Real news gives us facts about important issues

Let you know us better and enjoy our news and stories.

Contact us
Annual lookback
23 December 2020
20 was a big challenge for everyone. A challenge to adapt to a new situation has taught us to pay more attention to each other, to better appreciate everyone and everything around us. Thus, we also realized the importance of human relationships not only with colleagues but also with our clients. This year has taught us to look for solutions to situations we have not encountered so far. We have learned that online work also bears fruit, we have learned to treat each other with much more patience and adaptation in this way, we have learned to work with our children 😊 Despite all the changes, we feel that we coped well the obstacles and we had a successful year compared to the new situation. A brief business summary of the year of 2020: • Our support team performed outstandingly this year as well, despite the distance, we successfully completed all our support projects, as before. We will continue to strive to manage these projects with great care in the future too. Thanks to the support team for their work. • We have successfully submitted several EU projects, which we look forward to hearing from them and we appreciate a lot our team for their hard work. • Our skillful project team managed to launch several new projects: MAIB - Cash management, Uniprest Instal - Digital Advisory project, Streamerse - streaming platform, Alphablock - development project, we had several projects for our KPEye product, we also created several new platforms for our new clients We can say that we are closing the year with satisfaction, we are waiting for the next year with many novelties and new plans. We wish for all our colleagues, existing and new clients a happy holiday and a successful 2021.
Recent entries

The Network Science Institute - TRACKING COVID-19 IN THE AGE OF A.I.
25 September 2020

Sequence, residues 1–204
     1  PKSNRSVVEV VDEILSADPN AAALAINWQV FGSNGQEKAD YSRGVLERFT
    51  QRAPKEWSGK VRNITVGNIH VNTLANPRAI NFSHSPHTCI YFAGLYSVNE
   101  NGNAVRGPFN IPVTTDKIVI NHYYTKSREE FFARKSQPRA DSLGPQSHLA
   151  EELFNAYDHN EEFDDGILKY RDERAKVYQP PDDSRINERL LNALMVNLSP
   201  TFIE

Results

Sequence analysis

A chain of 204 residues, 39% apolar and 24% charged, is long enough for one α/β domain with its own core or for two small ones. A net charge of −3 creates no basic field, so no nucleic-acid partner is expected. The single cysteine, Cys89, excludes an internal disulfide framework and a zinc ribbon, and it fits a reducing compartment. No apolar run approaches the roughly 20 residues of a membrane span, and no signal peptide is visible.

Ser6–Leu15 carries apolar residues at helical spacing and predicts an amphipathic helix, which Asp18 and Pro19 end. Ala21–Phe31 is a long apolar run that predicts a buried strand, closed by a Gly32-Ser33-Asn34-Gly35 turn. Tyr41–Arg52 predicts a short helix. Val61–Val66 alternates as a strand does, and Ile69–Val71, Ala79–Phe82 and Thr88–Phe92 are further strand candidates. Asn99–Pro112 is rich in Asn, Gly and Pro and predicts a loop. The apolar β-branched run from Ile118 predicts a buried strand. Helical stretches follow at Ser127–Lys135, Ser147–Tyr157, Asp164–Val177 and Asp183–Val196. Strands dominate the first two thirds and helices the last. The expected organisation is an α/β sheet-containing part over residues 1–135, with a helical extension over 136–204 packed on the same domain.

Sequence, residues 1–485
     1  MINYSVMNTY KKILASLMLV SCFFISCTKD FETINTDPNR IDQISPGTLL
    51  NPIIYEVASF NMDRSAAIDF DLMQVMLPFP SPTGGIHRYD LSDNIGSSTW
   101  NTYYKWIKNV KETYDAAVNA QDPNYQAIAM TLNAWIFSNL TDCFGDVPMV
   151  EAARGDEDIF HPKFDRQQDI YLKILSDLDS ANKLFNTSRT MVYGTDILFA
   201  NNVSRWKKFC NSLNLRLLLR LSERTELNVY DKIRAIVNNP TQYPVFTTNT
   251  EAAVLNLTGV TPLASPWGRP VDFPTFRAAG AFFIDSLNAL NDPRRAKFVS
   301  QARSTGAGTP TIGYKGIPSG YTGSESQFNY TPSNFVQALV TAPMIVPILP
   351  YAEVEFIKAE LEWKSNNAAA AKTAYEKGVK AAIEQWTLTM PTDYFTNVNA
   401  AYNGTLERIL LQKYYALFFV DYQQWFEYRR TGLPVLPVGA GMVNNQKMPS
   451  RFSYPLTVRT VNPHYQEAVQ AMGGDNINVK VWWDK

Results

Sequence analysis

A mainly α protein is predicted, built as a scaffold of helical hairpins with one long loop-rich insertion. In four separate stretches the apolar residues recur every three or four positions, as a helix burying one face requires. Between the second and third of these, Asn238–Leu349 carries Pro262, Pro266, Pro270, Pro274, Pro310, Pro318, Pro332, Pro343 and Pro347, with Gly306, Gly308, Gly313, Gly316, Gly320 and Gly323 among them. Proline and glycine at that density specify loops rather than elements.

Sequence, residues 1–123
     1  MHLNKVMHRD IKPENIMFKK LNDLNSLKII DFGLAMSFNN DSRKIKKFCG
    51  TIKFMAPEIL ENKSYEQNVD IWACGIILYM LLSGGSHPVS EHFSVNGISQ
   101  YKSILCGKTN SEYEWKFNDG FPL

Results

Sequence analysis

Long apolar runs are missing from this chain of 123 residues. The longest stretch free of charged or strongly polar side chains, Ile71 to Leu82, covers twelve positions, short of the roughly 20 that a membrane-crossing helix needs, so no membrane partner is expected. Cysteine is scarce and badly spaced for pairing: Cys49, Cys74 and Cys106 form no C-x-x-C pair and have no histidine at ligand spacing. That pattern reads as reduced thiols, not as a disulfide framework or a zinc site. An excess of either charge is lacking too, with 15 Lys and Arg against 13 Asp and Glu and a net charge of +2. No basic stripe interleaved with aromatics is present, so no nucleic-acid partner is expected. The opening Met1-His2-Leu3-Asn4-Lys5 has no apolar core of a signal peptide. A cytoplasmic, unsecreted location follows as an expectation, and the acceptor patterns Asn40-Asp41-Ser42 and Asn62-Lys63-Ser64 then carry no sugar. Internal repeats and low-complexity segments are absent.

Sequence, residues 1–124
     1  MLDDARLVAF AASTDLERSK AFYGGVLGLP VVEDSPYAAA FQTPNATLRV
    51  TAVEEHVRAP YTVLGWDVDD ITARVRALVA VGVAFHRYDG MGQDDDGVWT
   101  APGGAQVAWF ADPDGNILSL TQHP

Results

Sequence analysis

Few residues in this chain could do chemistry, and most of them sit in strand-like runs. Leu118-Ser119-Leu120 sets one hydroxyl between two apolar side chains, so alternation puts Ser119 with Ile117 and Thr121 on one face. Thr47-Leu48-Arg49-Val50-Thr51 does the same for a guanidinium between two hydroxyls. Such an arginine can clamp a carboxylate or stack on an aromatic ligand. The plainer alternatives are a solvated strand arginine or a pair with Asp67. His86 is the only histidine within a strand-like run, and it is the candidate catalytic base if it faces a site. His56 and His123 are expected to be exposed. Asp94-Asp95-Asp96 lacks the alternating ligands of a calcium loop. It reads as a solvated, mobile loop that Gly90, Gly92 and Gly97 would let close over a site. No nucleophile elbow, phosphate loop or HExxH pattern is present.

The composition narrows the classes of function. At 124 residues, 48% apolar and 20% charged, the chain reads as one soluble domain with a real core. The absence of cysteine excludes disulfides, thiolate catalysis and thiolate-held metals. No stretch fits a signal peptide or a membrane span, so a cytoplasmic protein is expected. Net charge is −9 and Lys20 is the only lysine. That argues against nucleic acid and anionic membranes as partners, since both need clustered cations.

As the COVID-19 pandemic intensifies, researchers are working to develop pharmaceutical drugs that slow the virus’s reach, heal the ill, and may offer a vaccine. But what if promising therapies already exist? Albert-László Barabási, Robert Gray Dodge Professor of Network Science, Distinguished Professor of Physics, and Director of the Center for Complex Network Research, has assembled a multidisciplinary team that is using network medicine to hunt for a COVID-19 treatment. LEADING THE FIGHT AGAINST COVID-19 With traditional lengthy drug development pipelines now impracticable, Barabási is exploring repurposing approved drugs with known toxicity and side effects that may have a therapeutic effect on COVID-19 patients. Armed with powerful data, he is scrutinizing how the virus invades healthy cells, pinpointing drugs to treat the virus, and validating those drugs using artificial intelligence/machine learning bioinformatics and trials.  In March, the Barabási Lab began re-curating its past work on the human interactome, an intracellular and intercellular network of protein interaction. Less than 10 days after starting, the team identified 40 medications that target the cellular areas where COVID-19 works. The virus latches on to a healthy cell’s proteins, then disrupts functions within that cell and generates millions more copies of itself. The lab developed a network model of the 332 proteins targeted by COVID-19, and examined how the virus’s perturbing activity might affect tissues and organs. For example, using this model to examine how COVID-19 binds with host proteins, the lab predicted that the virus could attack cells in the brain—which may explain why early symptoms in people with COVID-19 include loss of the senses of smell and taste. Now, after forecasting the cellular progression of COVID-19, Barabási is looking for drugs and experimental compounds that could fight the virus by targeting proteins in its network vicinity. With Harvard Medical School researchers, he is combing through data on drugs that could be repurposed to treat COVID-19. To advance this work, Barabási and his team are performing computation to better grasp how the virus hijacks healthy cells; using 3D modeling to understand and predict its spread; and conducting experimental validation to identify drugs that could ultimately help combat COVID-19. Source: https://advancement.northeastern.edu/covid19/barabasi/